Alice Through the Looking Glass Mia Wasikowska and chessmen

Granted, it is pretty to look at. Time’s domain, a cavernous Gothic cathedral is suitably foreboding and the action set pieces are intermittently entertaining. Costume designer Colleen Atwood’s creations are intricate and delightful, with Alice spending the bulk of the film in a kaleidoscopic dress inspired by Chinese imperial costumes. The way the Hatter’s makeup subtly morphs depending on his mood was a fun idea from the first film that works just as well here. The Red Queen’s servants draw inspiration from the paintings of Giuseppe Arcimboldo, famous for his creations of humanoid figures comprised of fruits and vegetables. The visual splendour just doesn’t quite make up for the film’s narrative shortcomings.

Alice Through the Looking Glass Helena Bonham Carter

The bulk of the cast from the first film are back, but most of the characters seem to be here just for the sake of it. Yes, there’s some joy to be derived from seeing Alice reunited with her other-worldly pals, but the character interactions come off as largely perfunctory. Wasikowska’s Alice is meant to be plucky and spirited, but she’s difficult to buy as an action heroine – never mind that turning Alice into an action heroine still reeks of boardroom mandate. Many of the crises that arise in this film seem to be the direct result of Alice making silly mistakes, and there’s the sense that she should know better since this isn’t her first Underland rodeo.

Alice Through the Looking Glass Sacha Baron Cohen

Baron Cohen plays Time with an air of moustache-twirling villainy layered atop his usual goofiness – except the character really isn’t written as that bad a guy. The question of whether or not time can be considered an abstract concept has led to much chin-scratching amongst philosophers through the ages. Having the personification of time as a fantasy film antagonist is a fine idea, and the German accent Baron Cohen affects brings precision engineering to mind. Alas, it’s hard to shake the feeling that most of the character’s potential remains untapped.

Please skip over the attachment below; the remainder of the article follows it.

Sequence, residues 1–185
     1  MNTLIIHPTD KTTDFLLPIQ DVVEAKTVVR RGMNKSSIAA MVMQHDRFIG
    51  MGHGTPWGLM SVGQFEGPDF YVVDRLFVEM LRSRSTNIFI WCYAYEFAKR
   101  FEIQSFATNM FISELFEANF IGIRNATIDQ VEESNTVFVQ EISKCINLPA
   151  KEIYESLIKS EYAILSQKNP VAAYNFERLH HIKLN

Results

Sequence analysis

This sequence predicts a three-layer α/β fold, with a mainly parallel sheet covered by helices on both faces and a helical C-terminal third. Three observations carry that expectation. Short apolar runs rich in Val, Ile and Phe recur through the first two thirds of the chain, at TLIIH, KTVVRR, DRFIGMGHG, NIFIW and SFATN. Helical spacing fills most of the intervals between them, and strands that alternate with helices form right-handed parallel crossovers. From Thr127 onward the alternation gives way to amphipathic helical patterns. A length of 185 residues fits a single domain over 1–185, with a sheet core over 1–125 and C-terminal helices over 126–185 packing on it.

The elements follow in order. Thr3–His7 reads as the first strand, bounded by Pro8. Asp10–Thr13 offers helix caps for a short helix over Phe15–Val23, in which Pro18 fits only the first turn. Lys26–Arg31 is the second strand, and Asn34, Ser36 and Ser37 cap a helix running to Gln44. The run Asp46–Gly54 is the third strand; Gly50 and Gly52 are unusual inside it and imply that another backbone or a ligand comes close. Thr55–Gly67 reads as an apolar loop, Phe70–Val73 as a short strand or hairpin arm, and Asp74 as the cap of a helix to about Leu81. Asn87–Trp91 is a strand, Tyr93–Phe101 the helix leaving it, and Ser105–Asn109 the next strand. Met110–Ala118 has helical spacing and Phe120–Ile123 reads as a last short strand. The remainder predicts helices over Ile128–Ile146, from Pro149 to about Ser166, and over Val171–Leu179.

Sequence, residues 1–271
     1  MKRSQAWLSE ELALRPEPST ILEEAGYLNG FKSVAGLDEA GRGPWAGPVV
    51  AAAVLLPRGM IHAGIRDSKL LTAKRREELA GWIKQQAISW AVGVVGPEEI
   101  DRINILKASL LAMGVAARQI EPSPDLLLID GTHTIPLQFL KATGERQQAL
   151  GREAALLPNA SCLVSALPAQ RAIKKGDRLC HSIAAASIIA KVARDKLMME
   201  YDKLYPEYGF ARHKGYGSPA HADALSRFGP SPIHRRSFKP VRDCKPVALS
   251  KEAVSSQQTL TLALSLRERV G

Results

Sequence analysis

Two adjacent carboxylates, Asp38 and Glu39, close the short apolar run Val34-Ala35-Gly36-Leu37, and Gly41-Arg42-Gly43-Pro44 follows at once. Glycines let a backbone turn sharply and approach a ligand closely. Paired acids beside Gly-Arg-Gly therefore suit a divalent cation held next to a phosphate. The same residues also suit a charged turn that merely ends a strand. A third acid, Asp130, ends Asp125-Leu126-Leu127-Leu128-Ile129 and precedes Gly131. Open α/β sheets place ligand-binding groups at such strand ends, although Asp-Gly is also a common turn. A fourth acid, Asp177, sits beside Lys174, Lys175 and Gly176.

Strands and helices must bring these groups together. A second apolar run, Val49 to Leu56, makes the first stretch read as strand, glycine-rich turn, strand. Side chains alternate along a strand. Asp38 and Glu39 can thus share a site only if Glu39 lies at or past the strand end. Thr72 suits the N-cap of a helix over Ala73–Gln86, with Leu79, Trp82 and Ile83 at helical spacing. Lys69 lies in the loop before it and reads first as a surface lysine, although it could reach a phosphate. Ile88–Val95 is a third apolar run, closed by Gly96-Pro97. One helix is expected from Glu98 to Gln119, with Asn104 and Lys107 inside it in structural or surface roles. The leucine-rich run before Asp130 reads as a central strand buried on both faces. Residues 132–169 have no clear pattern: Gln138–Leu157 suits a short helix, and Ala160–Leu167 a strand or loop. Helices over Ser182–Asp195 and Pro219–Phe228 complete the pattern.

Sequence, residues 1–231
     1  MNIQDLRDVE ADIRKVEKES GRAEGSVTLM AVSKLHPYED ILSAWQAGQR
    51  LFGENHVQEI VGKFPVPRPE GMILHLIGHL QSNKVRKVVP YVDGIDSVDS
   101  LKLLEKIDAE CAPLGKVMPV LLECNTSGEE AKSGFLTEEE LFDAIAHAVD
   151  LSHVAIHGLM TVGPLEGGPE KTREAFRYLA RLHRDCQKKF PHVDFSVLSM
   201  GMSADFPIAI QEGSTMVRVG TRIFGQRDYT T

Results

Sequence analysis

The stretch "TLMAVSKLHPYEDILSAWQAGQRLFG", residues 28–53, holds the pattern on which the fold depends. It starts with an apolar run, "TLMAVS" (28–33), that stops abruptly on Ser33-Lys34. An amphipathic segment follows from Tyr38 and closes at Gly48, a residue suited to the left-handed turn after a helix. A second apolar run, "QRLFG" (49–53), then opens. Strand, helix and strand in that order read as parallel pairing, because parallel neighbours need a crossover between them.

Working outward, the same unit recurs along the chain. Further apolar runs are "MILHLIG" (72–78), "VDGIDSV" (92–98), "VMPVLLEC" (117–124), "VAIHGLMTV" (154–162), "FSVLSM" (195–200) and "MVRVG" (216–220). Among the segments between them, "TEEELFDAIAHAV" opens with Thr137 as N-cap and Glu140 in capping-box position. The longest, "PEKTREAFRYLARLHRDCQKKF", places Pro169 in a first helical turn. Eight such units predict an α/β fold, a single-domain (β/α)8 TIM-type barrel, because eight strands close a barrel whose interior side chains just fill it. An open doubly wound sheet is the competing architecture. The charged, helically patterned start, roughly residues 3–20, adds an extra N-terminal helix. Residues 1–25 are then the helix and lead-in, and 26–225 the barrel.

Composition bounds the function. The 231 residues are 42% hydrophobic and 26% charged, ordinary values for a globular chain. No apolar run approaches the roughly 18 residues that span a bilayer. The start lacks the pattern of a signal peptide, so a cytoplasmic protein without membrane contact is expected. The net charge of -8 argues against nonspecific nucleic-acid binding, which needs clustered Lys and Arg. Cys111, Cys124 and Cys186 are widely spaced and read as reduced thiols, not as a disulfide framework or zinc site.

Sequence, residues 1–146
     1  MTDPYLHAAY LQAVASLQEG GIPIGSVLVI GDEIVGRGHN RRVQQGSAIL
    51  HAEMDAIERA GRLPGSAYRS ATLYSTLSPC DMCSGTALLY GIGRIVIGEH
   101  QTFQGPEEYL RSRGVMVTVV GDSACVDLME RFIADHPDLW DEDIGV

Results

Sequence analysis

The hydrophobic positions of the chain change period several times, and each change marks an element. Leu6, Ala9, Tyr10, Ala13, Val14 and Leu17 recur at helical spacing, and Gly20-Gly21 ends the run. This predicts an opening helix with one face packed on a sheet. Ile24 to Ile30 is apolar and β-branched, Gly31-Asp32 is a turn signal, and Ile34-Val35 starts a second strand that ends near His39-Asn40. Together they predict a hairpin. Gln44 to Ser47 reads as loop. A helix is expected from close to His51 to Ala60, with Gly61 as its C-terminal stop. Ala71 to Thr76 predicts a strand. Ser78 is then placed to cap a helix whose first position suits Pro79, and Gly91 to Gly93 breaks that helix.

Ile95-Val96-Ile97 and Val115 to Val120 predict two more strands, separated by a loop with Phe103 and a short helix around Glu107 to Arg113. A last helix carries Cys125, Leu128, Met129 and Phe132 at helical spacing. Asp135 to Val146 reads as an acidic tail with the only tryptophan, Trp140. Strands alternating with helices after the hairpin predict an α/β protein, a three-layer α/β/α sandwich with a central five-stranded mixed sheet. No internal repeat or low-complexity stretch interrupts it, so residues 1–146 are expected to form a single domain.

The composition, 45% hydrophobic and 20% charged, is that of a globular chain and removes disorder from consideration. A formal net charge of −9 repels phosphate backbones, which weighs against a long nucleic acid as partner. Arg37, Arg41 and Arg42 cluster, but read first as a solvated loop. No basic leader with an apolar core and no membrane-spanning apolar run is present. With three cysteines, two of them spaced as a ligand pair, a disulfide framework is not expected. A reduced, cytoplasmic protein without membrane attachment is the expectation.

Alice Through the Looking Glass Johnny Depp

The rest of the characters are much as we remember them. Johnny Depp’s just being Johnny Depp – not much more to say than that. The wild abandon with which Bonham Carter essayed the Red Queen’s petulance and sadism was a highlight of the 2010 film and here, the attempt to give the character a degree of sympathy seems like a massive miscalculation. The mellifluous voices of Fry, Spall and the late Rickman are a welcome aural treat to supplement all that eye candy. The Hatter’s family, in particular his father Zanik (Ifans), are meant to be the linchpins of the plot, but have minimal screen time and make little impact. Andrew Scott, Sherlock’s Moriarty, is also criminally wasted in a throwaway role as a sinister psychiatrist.

Alice Through the Looking Glass Mia Wasikowska and Johnny Depp in town square

Unlike a large number of critics, this reviewer did not find Alice Through the Looking Glass to be an unmitigated disaster. Despite its wrongheaded approach and lacklustre plot, it still manages to be entertaining and attention-grabbing. While the design work might be too gaudy for some, it’s still lavish and immersive. Still, it’s disappointing that this film repeats its predecessor’s mistake of attempting to squeeze Lewis Carroll’s bizarre and iconic creations into a tent-pole blockbuster mould.

Alice Through the Looking Glass Mia Wasikowska and Absolem the butterfly

Summary:Back to the Future did it better” isn’t quite what we should be saying after an Alice in Wonderland movie.

RATING: 2.5 out of 5 Stars